Whatever the future holds, it will be the final chapter in the saga of the effort to build a new golf course in Oak Bluffs that began when the 88-acre Webb’s Camping Area, part of approximately 400 acres of land now referred to as the Southern Woodlands, went on the market.
The camping area had been for sale for years. An offer by the Martha’s Vineyard Land Bank was refused, and in 1998 a golf course development company announced that it had an option to purchase the property.
Webb’s abutted property the course developers needed for their project. The town of Oak Bluffs was one of dozens of landowners of private landlocked parcels, many with unclear titles.
The company went to work clearing titles and acquiring more parcels. When their efforts stalled, Mr. Kupersmith, a wealthy golf enthusiast and pharmacy entrepreneur from Greenwich, Conn., took over until he owned some 280 acres.
Mr. Kupersmith approached the town and MVC officials with a plan to develop an 18-hole golf course, and offered a benefit package he thought would be eagerly embraced. At one point the development included public walking trails, payments in lieu of taxes, an offer to lease a portion of the former Webb’s Camping Area to the town at no cost for camping, and a permanent conservation restriction over the entire property.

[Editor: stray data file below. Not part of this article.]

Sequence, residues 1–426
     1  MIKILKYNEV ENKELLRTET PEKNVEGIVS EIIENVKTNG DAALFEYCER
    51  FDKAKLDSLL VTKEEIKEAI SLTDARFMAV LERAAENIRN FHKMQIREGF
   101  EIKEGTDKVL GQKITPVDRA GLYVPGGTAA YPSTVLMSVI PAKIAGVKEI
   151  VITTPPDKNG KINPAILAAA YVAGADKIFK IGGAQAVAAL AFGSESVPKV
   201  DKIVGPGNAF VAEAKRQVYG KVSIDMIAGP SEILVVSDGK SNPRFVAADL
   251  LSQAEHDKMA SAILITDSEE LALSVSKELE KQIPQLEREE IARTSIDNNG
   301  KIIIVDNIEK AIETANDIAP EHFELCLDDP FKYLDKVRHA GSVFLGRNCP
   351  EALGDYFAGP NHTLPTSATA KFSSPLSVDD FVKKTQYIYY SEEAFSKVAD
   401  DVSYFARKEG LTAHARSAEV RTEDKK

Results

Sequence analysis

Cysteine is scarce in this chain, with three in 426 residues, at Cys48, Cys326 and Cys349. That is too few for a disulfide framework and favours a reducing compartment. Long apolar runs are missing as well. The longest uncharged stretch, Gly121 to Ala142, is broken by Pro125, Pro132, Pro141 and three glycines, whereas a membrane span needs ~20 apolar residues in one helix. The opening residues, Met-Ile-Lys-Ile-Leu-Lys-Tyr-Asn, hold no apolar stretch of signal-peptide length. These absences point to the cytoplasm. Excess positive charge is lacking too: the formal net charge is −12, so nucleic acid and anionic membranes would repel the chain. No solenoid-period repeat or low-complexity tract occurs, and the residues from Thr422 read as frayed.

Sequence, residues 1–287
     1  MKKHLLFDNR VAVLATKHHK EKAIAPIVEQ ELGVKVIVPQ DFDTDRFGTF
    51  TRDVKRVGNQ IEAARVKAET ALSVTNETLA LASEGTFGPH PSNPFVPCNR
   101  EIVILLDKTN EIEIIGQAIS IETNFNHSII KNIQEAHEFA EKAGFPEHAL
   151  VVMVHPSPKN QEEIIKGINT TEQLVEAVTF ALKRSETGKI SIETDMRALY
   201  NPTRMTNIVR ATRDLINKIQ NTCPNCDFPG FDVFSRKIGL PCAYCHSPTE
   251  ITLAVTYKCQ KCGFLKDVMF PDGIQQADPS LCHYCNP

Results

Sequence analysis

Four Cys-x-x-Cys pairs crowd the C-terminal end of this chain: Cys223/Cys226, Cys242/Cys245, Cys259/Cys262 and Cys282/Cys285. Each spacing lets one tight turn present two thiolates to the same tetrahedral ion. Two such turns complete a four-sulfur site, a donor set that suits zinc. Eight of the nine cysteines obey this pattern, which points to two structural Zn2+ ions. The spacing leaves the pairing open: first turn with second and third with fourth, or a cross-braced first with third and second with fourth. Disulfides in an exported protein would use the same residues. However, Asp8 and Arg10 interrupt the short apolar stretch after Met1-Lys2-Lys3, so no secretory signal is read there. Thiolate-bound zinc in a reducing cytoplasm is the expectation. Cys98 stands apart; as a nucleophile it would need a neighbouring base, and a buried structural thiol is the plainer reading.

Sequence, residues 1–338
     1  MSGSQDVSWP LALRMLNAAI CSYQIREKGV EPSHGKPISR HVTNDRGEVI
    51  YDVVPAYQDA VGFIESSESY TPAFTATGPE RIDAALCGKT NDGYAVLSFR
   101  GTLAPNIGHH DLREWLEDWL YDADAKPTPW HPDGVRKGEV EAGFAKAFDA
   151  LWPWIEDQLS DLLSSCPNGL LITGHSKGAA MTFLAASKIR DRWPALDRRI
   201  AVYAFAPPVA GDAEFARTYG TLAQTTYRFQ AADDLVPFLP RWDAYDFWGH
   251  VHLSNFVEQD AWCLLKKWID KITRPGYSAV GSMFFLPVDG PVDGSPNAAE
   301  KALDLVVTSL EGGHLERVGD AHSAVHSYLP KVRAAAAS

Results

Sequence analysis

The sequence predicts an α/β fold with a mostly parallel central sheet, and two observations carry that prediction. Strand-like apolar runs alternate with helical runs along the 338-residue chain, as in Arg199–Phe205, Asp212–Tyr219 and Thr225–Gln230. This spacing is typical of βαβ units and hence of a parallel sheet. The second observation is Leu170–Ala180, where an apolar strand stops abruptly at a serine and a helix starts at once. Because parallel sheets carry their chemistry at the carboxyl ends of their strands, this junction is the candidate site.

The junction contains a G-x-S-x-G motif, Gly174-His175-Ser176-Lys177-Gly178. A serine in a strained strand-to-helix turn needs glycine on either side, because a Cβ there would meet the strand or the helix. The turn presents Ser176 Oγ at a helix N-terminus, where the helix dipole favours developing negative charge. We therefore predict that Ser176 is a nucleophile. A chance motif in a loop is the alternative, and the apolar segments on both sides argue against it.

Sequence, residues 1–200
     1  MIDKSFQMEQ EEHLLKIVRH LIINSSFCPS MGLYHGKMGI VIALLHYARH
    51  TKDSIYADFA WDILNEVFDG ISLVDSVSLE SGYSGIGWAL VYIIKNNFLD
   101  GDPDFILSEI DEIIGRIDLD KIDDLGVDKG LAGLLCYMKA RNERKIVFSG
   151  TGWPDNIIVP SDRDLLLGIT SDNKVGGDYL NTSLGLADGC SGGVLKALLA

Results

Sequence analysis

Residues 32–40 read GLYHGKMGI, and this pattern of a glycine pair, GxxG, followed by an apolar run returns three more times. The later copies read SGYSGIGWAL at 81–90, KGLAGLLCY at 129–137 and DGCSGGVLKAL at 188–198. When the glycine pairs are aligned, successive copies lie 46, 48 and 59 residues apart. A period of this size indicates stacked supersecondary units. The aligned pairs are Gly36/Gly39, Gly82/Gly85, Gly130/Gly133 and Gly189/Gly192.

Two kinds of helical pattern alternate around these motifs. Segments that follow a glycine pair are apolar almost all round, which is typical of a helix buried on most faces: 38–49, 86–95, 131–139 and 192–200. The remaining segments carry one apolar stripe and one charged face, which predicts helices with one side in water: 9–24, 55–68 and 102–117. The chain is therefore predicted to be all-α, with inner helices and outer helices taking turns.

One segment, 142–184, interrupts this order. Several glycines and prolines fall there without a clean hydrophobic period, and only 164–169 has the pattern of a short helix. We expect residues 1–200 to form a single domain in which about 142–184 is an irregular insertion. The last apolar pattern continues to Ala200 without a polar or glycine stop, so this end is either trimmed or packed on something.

At the same time, two groups of rival developers were engaged in their own efforts to build golf clubs. The backers of the Meeting House Golf Club adjacent to Edgartown Pond ultimately gave up following MVC rejection of their plan, and joined with backers of the Vineyard Golf Club, built on the site of a failed 148-house subdivision off Edgartown–West Tisbury Road.
Land Bank held the key
In March 2005, capping years of fierce controversy over Mr. Kupersmith’s various development proposals, which included MVC rejection of three successive applications, and numerous lawsuits filed against the commission, the Land Bank, Mr. Kupersmith, and the MVC concluded a deal under which Mr. Kupersmith agreed to sell 190 acres of the Southern Woodlands to the Martha’s Vineyard Land Bank for $18.6 million, contingent on MVC approval of his subdivision.
The luxury housing development was intended to bridge the financial gap between what the Land Bank was willing to pay — that is, approximately $100,000 per acre — and Mr. Kupersmith’s asking price of $26 million.
The agreement included a provision under which the Land Bank would swap a 24-acre rectangular town-owned lot, known as the “doughnut hole” because it was landlocked, for “more convenient acreage located elsewhere in the Southern Woodlands, contingent on town meeting approval.”
Despite a 2004 written agreement, the land swap has yet to happen. The potential sale of the Kupersmith development does not involve any parcels in the land swap agreement.